Jeff Mummert- Hershey High School and York College of Pennsylvania
Art Titzel- Hershey Middle School
Jay Vasellas- Red Lion Area High School and York College of Pennsylvania

Needless to say, I think this is pretty darn cool.  Integrating technology into a public history setting is no easy task; you’ve got to balance the desire to reach people who are tech-savvy with the need to accommodate those who aren’t.  Furthermore, you’ve got to make sure that the technology in question is actually the most effective medium to convey the information, or it becomes nothing more than an expensive gimmick.  I think these guys are on exactly the right track.  They’ve figured out how to exploit the available technology to enhance the visitor’s experience in a way that would be impossible with any other medium, and to do so in a way that meets the needs of many potential audiences.  Head over to their blog and check it out.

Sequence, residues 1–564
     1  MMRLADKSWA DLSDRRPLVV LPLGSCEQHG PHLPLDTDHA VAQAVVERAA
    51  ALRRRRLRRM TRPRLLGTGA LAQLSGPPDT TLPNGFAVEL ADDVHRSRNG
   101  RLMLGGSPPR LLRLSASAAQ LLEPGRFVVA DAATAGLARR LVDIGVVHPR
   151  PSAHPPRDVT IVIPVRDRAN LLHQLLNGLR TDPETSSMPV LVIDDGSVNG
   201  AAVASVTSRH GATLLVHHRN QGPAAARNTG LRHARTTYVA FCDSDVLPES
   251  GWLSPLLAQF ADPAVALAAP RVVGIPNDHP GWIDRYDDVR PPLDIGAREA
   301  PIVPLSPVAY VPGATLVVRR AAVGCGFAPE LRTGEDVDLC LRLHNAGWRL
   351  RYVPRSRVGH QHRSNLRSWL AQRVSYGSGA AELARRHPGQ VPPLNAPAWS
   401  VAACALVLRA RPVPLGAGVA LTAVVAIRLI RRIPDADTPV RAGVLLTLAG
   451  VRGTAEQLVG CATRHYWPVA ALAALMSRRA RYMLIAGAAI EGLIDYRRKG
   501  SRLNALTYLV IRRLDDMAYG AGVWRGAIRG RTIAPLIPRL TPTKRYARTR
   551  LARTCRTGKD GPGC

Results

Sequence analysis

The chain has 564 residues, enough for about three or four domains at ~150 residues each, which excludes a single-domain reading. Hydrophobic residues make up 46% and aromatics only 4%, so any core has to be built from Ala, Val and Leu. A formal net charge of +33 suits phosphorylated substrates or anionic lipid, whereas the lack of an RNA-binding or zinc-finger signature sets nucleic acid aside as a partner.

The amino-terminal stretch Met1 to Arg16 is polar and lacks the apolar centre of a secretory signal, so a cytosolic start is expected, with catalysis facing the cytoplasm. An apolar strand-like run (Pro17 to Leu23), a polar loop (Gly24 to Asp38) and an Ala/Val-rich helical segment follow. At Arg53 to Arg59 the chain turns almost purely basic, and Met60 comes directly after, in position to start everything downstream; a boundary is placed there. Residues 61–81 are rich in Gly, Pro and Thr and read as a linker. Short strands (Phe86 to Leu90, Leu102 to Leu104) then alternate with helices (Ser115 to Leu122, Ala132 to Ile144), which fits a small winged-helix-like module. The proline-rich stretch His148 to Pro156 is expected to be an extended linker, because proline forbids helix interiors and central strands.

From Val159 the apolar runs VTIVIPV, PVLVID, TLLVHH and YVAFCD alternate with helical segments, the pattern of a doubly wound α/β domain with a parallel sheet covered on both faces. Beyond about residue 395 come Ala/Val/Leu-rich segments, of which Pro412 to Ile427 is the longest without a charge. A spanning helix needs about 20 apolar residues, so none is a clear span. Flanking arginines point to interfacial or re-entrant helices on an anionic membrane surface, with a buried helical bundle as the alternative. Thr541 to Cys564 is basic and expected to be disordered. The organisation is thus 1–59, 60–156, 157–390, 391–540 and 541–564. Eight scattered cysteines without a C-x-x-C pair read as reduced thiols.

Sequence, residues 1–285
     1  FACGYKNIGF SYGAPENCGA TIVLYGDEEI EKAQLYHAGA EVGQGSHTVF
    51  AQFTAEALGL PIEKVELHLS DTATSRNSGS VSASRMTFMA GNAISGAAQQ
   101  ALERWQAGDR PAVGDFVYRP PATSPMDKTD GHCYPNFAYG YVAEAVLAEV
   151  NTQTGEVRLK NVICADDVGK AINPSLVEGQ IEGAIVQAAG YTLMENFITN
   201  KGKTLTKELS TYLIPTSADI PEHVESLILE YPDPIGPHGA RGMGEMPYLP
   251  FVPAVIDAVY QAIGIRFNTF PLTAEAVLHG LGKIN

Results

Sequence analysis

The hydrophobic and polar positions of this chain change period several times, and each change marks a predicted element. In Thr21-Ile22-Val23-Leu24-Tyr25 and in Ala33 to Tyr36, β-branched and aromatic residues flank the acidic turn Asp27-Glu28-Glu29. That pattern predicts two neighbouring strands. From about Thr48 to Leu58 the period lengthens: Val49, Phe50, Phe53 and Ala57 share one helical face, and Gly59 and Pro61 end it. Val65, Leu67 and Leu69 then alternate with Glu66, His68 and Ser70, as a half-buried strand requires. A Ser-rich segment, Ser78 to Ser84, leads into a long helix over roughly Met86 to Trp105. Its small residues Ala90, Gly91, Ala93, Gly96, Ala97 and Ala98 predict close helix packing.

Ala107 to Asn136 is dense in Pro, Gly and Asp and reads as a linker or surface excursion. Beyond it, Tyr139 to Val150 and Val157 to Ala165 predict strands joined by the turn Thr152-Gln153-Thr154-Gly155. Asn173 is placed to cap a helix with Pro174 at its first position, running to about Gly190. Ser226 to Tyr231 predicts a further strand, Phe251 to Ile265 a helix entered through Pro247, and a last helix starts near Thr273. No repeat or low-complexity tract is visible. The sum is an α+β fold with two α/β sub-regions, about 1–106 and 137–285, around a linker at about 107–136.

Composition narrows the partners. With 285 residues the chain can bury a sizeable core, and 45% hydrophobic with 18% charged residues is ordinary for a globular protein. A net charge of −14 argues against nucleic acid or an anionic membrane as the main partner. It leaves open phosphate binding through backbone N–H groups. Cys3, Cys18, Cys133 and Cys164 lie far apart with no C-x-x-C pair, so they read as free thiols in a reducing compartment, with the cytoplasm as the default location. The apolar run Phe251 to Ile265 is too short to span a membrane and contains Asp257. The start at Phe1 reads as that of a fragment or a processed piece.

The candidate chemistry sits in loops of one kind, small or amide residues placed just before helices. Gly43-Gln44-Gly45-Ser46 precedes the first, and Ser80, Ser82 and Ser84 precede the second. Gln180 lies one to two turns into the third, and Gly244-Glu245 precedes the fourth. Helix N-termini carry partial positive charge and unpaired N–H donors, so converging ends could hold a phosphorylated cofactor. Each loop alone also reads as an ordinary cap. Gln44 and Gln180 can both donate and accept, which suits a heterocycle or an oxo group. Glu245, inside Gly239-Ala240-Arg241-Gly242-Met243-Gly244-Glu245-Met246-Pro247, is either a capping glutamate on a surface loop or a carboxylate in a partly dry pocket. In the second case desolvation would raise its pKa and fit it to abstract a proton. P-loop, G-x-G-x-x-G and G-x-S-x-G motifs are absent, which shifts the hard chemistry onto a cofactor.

Filed under Civil War, Historic Preservation, Museums and Historic Sites

New Rev War books

Here are two new books of note from Westholme Publishing.  First up is a new study of the complex and controversial Battle of Monmouth.  Tip of the hat to J. L. Bell for this one.  (Where does he find all these nifty links?)

Next is Dark and Bloody Ground: The American Revolution Along the Southern Frontier, which sounds right up my alley.  Looks like I’m going to have to clear a priority spot on my reading list.

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Filed under American Revolution, Historiography